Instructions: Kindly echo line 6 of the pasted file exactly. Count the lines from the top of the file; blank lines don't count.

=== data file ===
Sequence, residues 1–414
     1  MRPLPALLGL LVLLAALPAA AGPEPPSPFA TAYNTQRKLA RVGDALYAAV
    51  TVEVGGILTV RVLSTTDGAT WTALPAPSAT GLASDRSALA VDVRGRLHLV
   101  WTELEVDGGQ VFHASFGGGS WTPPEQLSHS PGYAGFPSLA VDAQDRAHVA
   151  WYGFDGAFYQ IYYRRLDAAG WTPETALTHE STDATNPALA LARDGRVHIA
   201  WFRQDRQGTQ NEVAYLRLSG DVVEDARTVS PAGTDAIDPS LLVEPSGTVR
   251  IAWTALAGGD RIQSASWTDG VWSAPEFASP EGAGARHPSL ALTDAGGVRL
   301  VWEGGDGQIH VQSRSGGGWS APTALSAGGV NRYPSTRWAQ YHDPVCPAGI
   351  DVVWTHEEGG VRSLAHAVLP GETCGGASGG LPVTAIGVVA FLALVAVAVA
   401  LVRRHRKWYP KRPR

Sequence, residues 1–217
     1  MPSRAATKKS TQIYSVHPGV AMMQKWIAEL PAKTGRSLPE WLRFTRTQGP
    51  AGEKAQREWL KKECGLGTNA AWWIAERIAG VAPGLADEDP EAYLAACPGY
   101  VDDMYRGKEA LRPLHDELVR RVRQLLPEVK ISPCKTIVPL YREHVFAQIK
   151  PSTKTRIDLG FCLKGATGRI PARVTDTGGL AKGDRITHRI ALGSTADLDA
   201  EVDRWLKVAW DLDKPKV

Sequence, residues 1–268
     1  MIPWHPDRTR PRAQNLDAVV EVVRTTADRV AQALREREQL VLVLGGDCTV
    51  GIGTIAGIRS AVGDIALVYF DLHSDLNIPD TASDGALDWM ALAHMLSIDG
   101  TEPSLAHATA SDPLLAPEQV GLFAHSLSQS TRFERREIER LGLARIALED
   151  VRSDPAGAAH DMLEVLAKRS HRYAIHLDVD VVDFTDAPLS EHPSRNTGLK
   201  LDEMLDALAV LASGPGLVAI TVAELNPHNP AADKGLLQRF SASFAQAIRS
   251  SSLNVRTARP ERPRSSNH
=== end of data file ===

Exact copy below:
   201  WFRQDRQGTQ NEVAYLRLSG DVVEDARTVS PAGTDAIDPS LLVEPSGTVR